CAPTAIN BEEFHEART – ” Mirror Man Sessions ” Clear Vinyl 2LP reissue

Posted: December 29, 2022 in MUSIC

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There are times when a set of recordings begs not only to be re-mastered and reissued, but restored according to the artist’s original intent. “Mirror Man Sessions” is an unqualified success of this sort. It’s a re-sequenced approximation of the planned, half-live-in-the-studio/half-studio double album “It Comes to You in a Plain Brown Wrapper”, which Beefheart and his band started on several months after the release of their debut, “Safe as Milk”. Most importantly, the disc includes many of the songs off the botched “Strictly Personal” album (the tapes of which were maliciously slathered with heavy echo and phasing effects by producer Bob Krasnow, without Beefheart’s approval) in blissful clarity.

The sound throughout is vibrant, with all the sparks of the dual-guitar interplay and massive slide sound that would typify the Magic Band in years to come. The album has far fewer tempo changes than “Milk” or the records that follow it; the band for the most part digs deep blues-based grooves and stays within their confines. But there are lengthy, monochromatic stomp-trance workouts, such as “Tarotplane” and “Gimme Dat Harp Boy”, which stretch out and explore John French’s jagged drumming, the guitarists’ uniquely deft, pan-tonal playing, and Beefheart’s harp playing, gruff vocal style, and impressionistic lyrics.

The US vinyl LP Buddah BDS 5077 was released in May 1971 in a die-cut gatefold sleeve with only 4-tracks (Buddah 2365 002 in the UK) – “Tarot Plane” (19:00) and “Kandy Korn” (8:00) on Side 1 and “25th Century Quaker” (8:59) and “Mirror Man” (19:00) on Side 2 – the liner notes erroneously claimed that the album was live material ‘recorded one night in Los Angeles in 1965’ – perhaps in some club – which just wasn’t true.

Beefheart and his gang of four had gone into TTG Studios in LA in October 1967 and recorded three tracks ‘live’ in the studio with further rough studio sessions taking place in November. Buddah didn’t like what they heard and put the whole project on indefinite hold. They then sent the Captain and his boys over to England (where they were more popular) to be championed by a true fan – BBC Radio 1’s most famous DJ John Peel. Some of the songs and sessions were added to, remixed and so on and came out on the second official album “Strictly Personal” in October 1968.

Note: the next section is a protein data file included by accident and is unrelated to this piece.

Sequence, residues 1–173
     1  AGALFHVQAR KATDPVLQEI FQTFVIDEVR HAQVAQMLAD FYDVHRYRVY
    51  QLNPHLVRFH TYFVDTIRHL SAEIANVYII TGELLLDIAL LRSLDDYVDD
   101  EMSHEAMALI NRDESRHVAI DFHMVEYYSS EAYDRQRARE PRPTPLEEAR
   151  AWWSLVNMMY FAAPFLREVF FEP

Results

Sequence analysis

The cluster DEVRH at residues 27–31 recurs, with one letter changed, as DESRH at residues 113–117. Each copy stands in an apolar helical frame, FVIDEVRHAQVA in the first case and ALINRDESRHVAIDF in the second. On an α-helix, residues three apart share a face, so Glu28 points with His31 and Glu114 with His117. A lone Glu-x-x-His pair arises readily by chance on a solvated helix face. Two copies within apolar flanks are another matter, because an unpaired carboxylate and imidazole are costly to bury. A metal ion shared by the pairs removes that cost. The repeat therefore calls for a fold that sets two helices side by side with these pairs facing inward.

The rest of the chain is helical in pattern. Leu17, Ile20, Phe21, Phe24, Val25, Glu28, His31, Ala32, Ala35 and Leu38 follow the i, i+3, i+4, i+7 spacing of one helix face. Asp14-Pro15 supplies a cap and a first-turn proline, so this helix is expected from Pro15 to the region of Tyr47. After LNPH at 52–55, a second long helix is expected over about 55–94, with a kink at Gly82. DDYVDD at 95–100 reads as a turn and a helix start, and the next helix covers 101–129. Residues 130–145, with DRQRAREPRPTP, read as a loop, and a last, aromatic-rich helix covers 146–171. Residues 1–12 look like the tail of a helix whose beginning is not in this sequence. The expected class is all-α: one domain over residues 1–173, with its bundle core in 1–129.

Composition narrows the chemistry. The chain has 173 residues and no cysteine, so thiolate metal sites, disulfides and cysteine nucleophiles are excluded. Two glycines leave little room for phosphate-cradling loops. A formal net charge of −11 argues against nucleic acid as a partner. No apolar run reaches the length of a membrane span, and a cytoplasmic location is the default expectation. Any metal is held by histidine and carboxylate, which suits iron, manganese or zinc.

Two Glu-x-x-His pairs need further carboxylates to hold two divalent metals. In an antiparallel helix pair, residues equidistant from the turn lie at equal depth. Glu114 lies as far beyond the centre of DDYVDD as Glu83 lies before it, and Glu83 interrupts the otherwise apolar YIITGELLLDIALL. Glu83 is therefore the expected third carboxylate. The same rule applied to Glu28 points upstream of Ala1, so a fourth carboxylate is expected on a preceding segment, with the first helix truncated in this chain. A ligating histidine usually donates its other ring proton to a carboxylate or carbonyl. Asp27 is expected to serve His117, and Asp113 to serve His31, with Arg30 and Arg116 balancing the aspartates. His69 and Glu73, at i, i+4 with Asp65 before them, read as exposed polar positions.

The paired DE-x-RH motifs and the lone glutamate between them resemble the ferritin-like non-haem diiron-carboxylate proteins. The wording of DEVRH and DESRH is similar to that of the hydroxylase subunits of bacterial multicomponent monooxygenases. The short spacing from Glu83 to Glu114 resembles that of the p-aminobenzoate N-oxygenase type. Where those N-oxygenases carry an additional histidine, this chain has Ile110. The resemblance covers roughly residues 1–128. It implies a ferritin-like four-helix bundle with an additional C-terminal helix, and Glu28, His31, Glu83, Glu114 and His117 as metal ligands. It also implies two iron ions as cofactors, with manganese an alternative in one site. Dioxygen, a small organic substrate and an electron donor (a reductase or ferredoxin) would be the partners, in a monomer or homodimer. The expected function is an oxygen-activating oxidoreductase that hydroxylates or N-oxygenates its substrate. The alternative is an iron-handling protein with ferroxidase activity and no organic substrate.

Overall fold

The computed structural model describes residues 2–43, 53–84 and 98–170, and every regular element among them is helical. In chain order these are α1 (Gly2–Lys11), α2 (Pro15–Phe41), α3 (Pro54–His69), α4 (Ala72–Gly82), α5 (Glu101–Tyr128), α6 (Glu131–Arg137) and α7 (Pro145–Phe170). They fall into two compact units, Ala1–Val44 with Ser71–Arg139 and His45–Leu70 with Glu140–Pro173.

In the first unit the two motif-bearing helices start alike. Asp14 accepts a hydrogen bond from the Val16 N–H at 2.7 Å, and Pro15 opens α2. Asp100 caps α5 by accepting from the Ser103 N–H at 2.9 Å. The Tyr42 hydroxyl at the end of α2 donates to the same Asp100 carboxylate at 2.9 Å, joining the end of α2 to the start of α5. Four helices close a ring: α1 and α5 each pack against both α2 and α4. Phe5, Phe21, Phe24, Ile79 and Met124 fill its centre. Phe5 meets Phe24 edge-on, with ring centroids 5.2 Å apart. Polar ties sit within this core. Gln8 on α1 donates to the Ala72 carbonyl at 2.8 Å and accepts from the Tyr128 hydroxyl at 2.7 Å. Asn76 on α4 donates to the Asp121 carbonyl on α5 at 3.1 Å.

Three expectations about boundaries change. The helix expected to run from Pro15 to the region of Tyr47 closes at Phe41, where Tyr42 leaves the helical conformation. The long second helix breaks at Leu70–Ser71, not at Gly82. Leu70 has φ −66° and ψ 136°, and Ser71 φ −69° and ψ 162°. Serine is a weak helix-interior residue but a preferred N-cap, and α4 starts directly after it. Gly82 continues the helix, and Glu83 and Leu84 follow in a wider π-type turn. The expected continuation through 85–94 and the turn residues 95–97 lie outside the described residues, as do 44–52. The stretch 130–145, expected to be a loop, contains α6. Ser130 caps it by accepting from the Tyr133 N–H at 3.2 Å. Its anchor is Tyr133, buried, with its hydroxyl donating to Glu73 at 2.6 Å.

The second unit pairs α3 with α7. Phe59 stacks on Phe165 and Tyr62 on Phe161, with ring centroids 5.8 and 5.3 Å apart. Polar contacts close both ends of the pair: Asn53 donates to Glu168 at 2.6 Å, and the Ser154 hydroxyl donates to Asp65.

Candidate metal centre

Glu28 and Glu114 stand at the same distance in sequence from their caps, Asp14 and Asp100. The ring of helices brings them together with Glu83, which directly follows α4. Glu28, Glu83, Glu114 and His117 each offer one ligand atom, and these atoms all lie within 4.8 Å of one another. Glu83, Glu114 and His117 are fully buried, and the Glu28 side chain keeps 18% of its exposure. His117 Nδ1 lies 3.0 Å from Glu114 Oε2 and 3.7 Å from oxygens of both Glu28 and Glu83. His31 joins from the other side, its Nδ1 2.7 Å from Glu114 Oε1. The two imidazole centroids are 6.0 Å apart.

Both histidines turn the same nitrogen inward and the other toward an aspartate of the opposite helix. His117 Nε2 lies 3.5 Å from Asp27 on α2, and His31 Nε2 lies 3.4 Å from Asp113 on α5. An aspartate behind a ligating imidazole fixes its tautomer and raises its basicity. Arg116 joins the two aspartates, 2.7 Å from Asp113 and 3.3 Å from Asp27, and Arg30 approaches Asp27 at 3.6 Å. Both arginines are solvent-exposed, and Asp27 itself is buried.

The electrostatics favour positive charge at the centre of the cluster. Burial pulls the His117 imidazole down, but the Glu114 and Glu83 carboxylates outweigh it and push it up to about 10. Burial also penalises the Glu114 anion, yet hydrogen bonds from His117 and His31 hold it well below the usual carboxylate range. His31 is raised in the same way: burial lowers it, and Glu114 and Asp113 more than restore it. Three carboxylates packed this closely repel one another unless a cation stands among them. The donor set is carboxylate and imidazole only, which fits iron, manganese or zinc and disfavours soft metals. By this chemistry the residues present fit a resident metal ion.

Time passed and with the November 1969 double-album “Trout Mask Replica” and a new LP on Reprise Records in “Lick My Decals Off, Baby” from January 1971 all gaining traction – someone went back into the vaults and chose the above four mentioned tracks to clump together as a new album on Buddah Records – “Mirror Man”. Apparently Beefheart knew nothing of its release and as the songs were ‘unfinished’ or ‘crude’ – he remained somewhat ambivalent towards their merits – decrying it as some critics had initially done – then being ok with it as the LPs heavy-blues-jam rep began to build over the following years – some even saying it was as good as his blistering and accessible “Safe As Milk” debut from November 1967.

Whilst researching a new release in 1991 – England’s Sequel Records went into the vaults once again and subsequently found and reissued more of the previously unissued session tracks – calling their 11-track January 1992 CD compilation “I May Be Hungry But I’m Sure Not Weird – The Alternative Captain Beefheart” on Sequel NEX CD 215 (Barcode 5023224121523).

Which brings us via a circuitous route and several mushroom pies to June 1999 and this BMG ‘Buddha Records’ reissue of nine tracks (note the deliberately inverted spelling on the last two letters of Buddah). As the liner notes advise – due to time constrictions you get the original four songs of the “Mirror Man” LP and five additional outtakes – all stripped of unnecessary overdubs and as close as Buddha feel they can get nearer to the Captain’s original vision.